“Imagine the energy of thousands of people gathered together and meditating on the open grounds of Copley Square with one of the most influential people of our time: Zen Master, author, poet and peace activist Thich Nhat Hanh.”
It’s the Sit in Peace Event for Boston. Uh huh.
I’m keen on this. I am. I’m a yogini. These are my people. I’m thinking that this is going to be about world peace and the Buddha knows we need a whole lot of that right now. So I drive into Boston and park my car because I am running late and missed my time frame for public transportation which is unreliable on Sundays.
I end up being railroaded into a too-expensive parking structure because there is no exit once you have turned down what appears to be a side street but is actually the parking structure because, as I already said, there is no exit. Yes, Kafka really did consult with the City of Boston on the subject of transportation and traffic patterning.
Arriving just after it starts, I place my folding chair down on the edges of a very large crowd. Yes, there are a few thousand people sitting quietly in meditation. Wait, are we meditating already? Am I that late? Rats. I didn’t want to miss the introduction but, oh well. I sit down.
I place my feet flat on the ground. I close my eyes. I place my hands in the wisdom seal. I deepen my breath. I focus on my breath. I silently think with each inhale and each exhale, “I visualize World Peace” because, damn it, I was late and I don’t know what else to do. And then I lose focus, immediately. Because I am lousy at meditation. Really bad at it.
And I am sitting in a crowd of thousands who are all being very quiet but, well, we are sitting in the middle of a major American city in the middle of the day and there are also thousands of tourists and coaches and taxis and ambulances and police cars and motorcycles circling around us. Mother of God, it is noisy!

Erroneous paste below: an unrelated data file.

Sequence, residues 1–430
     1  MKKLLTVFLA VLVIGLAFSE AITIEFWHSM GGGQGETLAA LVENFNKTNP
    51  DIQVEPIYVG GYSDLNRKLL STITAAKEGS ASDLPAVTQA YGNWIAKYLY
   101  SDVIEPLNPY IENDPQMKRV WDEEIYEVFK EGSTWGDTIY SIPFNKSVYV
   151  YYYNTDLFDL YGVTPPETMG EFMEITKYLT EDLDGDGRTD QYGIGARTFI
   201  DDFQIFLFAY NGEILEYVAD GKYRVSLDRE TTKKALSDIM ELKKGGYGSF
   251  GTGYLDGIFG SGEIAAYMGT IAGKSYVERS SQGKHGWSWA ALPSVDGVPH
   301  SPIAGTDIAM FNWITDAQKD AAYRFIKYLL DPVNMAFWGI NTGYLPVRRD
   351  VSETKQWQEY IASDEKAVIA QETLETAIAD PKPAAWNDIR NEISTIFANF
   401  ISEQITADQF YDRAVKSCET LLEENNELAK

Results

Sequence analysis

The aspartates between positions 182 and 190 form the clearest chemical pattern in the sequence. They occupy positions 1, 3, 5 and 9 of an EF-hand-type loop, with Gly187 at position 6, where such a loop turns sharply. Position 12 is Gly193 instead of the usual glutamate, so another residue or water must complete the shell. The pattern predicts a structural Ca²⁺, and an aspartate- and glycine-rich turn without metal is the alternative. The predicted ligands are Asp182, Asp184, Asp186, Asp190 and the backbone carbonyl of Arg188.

I return to my breath and to the personal mantra I have chosen to repeat for lack of knowing the mantra that I should be repeating because that’s the story of my life. Not ever knowing what it is I should be doing and making stuff up as I go along.
And then I vacillate between self-flagellation and visualizing world peace for the next five minutes. And thinking about my sister’s ex-girlfriend, Sue, who always claimed she could think nothing and my brother who makes the same claim.
Meanwhile, I suffer through meditations with all of my monkey-brain chatter silently cursing my loved ones who can do it so easily and then I hear the Zen Master speaking.
I open my eyes and it has been 55 minutes. No kidding. I somehow managed to sit in meditation in the middle of a bustling Boston afternoon for nearly an hour and have it feel like five minutes.
Thich Nhat Hanh is leading us through a guided meditation. Inviting the world into our cells, inviting our fathers, our mothers. Our anxieties, he says, are the anxieties of our world. Release them. Have compassion for ourselves, for our loved ones.
There’s a few moments of him explaining that we have to be with the ones we love which, in my Monkey Brain, begins to sound like “if you can’t be with the one you love…love the one you’re with.” And somehow everything, except that momentary cheesiness, makes sense.
This isn’t about world peace. It’s about peace. Straight up, no chaser peace. Be at peace in the midst of chaos. Duh.
Sit in peace.
Sometimes I need to be hit upside the head with the message and, in this case an $18 parking tab but, you know what? I’m at peace because it’s pretty darn amazing to sit with thousands of strangers and meditate, think about and consider a common purpose.
Sit in peace.
I think I will do it again tomorrow. Just me, by myself, but it’s like aum, isn’t it? At any given moment there are thousands of people chanting aum at the same time around the world. Can’t some of them be mindfully peaceful, too? Yes, I’m there.
Sit in peace.
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Assistant Ed: Bruce Casteel/Ed: Bryonie Wise
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